A global settlement worth more than $101 million
has been reached in the massive litigation stemming from the
October 2003 collapse of the Tropicana Casino parking garage in
Atlantic City that killed four construction workers and injured 30
Lead plaintiffs attorneys Robert J. Mongeluzzi and Larry
Bendesky of Saltz Mongeluzzi Barrett & Bendesky said the deal
represents the largest settlement ever of a construction accident
case. "This project collapsed for a very simple reason - the floors
were not connected to the walls," Mongeluzzi said.
Bendesky said that "the simple explanation of the cause of the
collapse is that the floors were not connected to the walls with
the required reinforcing steel. Built without the necessary steel,
it is no wonder it collapsed like a house of cards."
The U.S. Occupational Safety and Health Administration said in a
2004 report that a lack of steel reinforcements in the parking
garage's concrete and inadequate support for the completed floors
were to blame for the collapse of the garage's top five levels.
The 2,400-space garage was being built as part of a $265 million
Tropicana expansion called The Quarter, which included upscale
shops, restaurants and clubs to go along with Atlantic City
In a statement issued Wednesday, the Tropicana said it was
"grateful that the litigation surrounding this tragic event has
If the case had gone to trial in June as scheduled, plaintiffs
lawyers said, the trial was expected to last six months.
Under the terms of the settlement, the plaintiffs will be paid
$82.5 million in cash and more than $16 million in medical expenses
- about $8.2 million of workers' compensation payments to victims
that will not have to be repaid, and more than $8.3 million in
future medical expenses.
Combined with $2 million in previously settled cases, the total
settlement from all of the defendants is $101 million.
The amounts of the various contributions by the settling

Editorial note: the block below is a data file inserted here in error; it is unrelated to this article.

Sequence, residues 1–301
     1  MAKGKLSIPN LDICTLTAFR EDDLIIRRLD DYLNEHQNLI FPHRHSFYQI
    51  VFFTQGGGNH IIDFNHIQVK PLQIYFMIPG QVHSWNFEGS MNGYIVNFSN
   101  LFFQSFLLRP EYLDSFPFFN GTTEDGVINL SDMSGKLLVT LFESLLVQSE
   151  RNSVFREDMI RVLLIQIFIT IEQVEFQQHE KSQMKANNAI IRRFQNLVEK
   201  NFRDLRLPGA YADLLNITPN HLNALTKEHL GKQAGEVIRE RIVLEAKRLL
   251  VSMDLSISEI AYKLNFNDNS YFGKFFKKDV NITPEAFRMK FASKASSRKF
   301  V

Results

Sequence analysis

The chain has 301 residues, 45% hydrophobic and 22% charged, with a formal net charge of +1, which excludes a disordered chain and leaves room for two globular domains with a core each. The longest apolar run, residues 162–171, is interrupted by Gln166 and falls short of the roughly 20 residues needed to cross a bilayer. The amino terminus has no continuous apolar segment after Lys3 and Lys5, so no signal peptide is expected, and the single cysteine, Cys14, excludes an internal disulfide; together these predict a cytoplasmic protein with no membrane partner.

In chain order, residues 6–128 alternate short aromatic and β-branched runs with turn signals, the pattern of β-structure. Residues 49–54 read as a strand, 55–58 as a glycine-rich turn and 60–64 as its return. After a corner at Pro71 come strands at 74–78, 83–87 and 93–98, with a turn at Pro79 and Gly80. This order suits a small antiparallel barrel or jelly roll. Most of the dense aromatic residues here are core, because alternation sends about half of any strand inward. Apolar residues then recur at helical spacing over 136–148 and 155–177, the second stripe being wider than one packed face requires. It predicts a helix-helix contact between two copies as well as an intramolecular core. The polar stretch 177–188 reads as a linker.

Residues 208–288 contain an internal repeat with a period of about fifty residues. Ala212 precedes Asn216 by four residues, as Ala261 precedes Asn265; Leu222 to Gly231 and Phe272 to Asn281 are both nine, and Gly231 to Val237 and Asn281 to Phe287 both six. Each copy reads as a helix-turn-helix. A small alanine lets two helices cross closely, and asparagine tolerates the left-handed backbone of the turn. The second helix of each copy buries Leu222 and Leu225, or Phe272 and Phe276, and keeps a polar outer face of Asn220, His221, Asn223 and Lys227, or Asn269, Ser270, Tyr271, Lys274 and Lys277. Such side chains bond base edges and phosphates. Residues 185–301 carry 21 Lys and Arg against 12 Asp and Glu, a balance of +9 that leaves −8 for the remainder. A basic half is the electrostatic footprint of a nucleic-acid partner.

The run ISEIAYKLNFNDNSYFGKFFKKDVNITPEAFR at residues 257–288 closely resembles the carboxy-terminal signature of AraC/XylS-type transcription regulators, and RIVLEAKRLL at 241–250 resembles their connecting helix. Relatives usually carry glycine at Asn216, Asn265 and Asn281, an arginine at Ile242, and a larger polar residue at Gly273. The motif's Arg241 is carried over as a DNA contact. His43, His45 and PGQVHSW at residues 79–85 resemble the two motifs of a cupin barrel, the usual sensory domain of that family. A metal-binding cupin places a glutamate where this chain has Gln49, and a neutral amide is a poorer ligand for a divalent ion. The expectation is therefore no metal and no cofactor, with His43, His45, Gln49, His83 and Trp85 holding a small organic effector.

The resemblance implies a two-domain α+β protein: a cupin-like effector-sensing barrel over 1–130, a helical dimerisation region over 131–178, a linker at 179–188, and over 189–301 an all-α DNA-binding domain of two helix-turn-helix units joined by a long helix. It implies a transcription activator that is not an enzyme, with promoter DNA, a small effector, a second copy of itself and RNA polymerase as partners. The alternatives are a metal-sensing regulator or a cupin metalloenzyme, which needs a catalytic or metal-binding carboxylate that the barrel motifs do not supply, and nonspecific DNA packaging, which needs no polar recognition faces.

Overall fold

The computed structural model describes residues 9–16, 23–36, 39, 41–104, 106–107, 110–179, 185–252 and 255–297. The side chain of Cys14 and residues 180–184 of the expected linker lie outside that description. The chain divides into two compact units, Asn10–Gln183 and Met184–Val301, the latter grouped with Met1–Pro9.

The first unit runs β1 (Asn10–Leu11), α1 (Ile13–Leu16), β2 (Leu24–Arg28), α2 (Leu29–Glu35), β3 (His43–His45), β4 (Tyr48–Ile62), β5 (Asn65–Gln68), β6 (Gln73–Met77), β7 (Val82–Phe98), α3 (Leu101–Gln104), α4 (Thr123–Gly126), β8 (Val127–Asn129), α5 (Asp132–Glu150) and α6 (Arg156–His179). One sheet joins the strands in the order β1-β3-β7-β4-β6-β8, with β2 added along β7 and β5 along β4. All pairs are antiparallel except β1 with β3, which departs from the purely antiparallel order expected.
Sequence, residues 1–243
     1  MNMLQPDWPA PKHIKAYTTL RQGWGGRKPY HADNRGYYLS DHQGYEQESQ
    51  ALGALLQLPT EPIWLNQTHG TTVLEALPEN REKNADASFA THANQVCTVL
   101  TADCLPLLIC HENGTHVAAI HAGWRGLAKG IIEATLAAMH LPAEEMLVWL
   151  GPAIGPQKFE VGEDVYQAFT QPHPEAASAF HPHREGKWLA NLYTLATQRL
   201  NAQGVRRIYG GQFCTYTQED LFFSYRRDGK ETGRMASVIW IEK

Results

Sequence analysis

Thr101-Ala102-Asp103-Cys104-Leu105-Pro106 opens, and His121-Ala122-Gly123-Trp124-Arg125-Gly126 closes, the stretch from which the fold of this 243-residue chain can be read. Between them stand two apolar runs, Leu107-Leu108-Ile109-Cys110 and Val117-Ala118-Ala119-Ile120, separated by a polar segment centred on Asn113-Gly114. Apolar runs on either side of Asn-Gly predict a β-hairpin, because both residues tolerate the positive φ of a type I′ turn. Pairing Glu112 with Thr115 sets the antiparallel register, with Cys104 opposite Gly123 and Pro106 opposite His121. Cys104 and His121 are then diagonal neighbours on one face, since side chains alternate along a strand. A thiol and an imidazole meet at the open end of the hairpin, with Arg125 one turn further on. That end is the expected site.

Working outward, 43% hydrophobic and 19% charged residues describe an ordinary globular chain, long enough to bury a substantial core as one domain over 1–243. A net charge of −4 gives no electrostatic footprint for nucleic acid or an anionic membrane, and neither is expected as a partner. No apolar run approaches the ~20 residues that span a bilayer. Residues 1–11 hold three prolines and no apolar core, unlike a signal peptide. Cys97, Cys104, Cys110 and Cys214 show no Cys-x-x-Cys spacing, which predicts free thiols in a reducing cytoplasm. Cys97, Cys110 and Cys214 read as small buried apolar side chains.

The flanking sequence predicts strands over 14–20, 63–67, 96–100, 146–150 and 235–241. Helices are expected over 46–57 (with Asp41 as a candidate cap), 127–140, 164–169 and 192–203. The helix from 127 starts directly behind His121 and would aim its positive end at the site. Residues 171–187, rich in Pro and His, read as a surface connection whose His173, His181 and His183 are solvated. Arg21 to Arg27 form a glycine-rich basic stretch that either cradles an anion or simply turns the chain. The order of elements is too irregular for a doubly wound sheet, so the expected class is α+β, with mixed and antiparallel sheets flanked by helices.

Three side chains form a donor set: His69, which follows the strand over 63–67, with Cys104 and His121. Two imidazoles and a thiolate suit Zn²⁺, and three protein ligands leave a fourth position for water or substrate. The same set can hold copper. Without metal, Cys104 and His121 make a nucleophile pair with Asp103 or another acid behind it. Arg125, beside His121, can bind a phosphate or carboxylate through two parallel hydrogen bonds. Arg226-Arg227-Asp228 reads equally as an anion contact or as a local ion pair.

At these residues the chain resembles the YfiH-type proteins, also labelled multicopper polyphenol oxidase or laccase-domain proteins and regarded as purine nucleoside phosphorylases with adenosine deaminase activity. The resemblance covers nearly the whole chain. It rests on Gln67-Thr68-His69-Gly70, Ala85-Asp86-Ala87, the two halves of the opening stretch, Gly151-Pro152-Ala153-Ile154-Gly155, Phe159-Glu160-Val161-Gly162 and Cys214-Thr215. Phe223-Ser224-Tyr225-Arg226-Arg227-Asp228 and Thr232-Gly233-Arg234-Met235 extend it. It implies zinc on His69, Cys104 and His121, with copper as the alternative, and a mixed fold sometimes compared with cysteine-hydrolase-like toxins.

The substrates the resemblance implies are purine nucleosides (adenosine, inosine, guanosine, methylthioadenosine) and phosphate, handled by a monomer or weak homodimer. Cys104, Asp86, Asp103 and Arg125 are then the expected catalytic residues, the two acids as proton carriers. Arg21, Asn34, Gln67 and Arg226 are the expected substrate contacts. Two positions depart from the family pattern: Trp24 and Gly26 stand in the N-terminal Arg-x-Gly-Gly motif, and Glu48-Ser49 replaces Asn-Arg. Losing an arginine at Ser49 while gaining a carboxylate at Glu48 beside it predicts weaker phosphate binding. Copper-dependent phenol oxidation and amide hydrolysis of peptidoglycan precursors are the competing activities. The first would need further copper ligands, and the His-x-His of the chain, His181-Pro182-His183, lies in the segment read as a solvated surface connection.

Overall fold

defendants were not disclosed.
Participating in the settlement were Tropicana; Keating Building
Corp., the general contractor; Midstate Filigree Systems Inc.; Fabi
Construction Inc., the concrete subcontractor; DeSimone Consulting
Engineers, the project's structural engineer; and Site-Blauvelt
Engineers, which inspected the concrete and reinforcing steel.
In addition to Mongeluzzi and Bendesky, the plaintiffs' team
included attorneys Paul D'Amato of Linwood, N.J., and Michael
Maggiano of Fort Lee, N.J.
Mongeluzzi said trial preparation by the plaintiffs' attorneys
included taking nearly 250 depositions and reviewing more than 1.5
million pages of documents.
Atlantic County Superior Court Judge William E. Nugent presided
over the lengthy pre-trial discovery, and Judge Stephen P. Perskie
conducted the settlement discussions.
Bendesky credited Perskie with doing an "exceptional job" in
overseeing the settlement talks, noting that he often worked
"nights and weekends."
The fatalities, all New Jersey residents, were Michael Wittland,
53, of Pleasantville and James Bigelow, 29, of Egg Harbor Township,
both iron workers; and Robert Tartaglio Jr., 42, of Galloway
Township and Scott Pietrosante, 21, of Milmay, Buena Vista
Township, laborers for Fabi.
Wittland was just six months short of retirement after 35 years
as an ironworker. Edward Wittland, his eldest son, suffered a
broken neck and was one of the most critically injured in the